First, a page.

Here is what Richard Dawkins says about the story of Abraham and Isaac, in his book, The God Delusion.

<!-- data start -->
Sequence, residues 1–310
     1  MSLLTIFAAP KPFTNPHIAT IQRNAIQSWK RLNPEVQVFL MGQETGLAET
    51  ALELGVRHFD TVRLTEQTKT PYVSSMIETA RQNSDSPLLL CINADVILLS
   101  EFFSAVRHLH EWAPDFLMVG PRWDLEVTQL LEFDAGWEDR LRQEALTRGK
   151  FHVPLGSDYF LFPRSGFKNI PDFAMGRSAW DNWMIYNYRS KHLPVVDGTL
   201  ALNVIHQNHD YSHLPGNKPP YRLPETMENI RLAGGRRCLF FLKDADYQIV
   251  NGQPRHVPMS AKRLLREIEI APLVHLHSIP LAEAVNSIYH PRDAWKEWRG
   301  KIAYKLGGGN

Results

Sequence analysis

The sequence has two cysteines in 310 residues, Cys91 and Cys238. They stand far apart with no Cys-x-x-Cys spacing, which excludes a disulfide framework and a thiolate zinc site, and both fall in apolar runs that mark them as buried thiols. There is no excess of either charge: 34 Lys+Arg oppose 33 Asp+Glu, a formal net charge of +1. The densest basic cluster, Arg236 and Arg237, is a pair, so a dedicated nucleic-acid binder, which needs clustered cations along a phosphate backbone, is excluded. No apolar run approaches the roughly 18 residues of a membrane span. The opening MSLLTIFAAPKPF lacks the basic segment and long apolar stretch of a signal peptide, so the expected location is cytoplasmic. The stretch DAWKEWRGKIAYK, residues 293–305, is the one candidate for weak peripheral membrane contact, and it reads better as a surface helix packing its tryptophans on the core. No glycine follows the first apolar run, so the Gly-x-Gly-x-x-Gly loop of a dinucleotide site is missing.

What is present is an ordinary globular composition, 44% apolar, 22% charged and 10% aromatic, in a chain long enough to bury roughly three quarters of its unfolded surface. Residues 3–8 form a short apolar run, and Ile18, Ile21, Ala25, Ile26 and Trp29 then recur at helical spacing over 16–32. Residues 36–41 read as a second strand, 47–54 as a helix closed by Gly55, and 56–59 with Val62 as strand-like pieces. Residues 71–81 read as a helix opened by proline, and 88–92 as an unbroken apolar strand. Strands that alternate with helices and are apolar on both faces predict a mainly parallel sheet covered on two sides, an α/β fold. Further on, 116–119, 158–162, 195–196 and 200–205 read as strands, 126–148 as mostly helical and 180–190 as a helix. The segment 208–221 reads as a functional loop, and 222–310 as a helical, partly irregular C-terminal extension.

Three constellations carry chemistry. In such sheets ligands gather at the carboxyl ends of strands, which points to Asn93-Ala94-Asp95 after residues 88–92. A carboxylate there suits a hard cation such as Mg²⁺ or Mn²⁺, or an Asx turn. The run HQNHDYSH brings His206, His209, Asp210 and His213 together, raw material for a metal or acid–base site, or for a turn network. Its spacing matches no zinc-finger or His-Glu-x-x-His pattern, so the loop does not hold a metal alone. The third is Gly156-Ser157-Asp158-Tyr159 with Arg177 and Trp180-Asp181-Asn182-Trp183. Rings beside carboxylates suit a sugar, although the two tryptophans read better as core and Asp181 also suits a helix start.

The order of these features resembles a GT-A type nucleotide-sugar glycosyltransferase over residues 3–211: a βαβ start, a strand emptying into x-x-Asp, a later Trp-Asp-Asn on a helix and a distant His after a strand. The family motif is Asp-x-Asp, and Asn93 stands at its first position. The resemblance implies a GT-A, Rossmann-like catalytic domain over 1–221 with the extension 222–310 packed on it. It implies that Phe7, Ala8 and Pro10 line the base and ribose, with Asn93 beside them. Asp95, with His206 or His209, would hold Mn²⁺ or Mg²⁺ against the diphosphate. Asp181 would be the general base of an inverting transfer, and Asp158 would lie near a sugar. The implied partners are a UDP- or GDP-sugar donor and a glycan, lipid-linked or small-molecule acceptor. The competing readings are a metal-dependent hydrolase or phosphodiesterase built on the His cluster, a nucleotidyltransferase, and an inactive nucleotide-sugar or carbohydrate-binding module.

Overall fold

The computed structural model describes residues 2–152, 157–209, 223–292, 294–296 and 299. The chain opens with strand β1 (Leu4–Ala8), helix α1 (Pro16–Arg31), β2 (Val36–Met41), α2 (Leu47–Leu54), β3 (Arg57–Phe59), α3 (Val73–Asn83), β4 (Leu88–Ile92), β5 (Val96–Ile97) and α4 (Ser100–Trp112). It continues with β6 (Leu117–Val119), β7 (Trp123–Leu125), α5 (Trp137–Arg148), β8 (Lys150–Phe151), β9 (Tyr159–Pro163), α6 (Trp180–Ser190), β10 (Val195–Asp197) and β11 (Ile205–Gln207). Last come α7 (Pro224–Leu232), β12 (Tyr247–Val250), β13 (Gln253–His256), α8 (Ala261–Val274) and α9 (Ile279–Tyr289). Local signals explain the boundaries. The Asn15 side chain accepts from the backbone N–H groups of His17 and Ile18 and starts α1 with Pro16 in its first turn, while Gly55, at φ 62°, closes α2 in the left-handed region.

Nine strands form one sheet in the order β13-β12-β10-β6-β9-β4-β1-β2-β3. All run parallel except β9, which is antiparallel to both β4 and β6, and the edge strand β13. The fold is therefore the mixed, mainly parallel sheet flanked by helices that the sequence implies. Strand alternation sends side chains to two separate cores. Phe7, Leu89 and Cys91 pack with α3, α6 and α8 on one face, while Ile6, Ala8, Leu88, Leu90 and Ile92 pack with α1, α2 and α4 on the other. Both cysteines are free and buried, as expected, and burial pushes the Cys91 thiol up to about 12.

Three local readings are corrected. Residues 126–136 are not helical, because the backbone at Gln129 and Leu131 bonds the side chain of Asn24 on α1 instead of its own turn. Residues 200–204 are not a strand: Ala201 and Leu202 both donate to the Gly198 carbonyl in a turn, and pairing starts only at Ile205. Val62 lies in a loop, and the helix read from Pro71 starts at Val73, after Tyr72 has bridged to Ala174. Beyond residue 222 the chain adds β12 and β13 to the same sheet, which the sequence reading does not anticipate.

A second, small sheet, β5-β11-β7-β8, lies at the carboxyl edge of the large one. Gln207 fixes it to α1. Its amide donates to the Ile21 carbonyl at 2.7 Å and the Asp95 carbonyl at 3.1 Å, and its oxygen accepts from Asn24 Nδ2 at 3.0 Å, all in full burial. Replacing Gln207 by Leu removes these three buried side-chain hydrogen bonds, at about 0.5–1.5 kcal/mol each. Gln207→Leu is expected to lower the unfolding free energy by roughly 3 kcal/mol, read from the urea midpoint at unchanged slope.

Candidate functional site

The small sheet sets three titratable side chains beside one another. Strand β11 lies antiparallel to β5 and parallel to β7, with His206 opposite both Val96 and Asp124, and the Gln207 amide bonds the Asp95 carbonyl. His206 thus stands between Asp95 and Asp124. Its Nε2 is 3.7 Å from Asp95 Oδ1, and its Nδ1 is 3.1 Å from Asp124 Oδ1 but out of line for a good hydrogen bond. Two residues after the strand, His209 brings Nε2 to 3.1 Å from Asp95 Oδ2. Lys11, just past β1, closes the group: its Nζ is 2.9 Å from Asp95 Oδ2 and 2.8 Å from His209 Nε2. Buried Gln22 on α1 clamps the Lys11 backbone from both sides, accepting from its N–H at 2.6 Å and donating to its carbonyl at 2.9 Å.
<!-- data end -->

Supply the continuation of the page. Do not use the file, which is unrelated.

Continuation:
Once again, modern theologians will protest that the story of Abraham sacrificing Isaac should not be taken as literal fact. And, once again, the appropriate response is twofold. First, many many people, even to this day, do take the whole of their scripture to be literal fact, and they have a great deal of political power over the rest of us, especially in the United States and in the Islamic world. Second, if not as literal fact, how should we take the story? As an allegory? Then an allegory for what? Surely nothing praiseworthy. As a moral lesson? But what kind of morals could one derive from this appalling story? Remember, all I am trying to establish for the moment is that we do not, as a matter of fact, derive our morals from scripture. Or, if we do, we pick and choose among the scriptures for the nice bits and reject the nasty. But then we must have some independent criterion for deciding which are the moral bits: a criterion which, wherever it comes from, cannot come from scripture itself and is presumably available to all of us whether we are religious or not.Apologists even seek to salvage some decency for the God character in this deplorable tale. Wasn't it good of God to spare Isaac's life at the last minute? In the unlikely event that any of my readers are persuaded by this obscene piece of special pleading, I refer them to another story of human sacrifice, which ended more unhappily. Judges, chapter 11, the story of Jephthah and his daughter.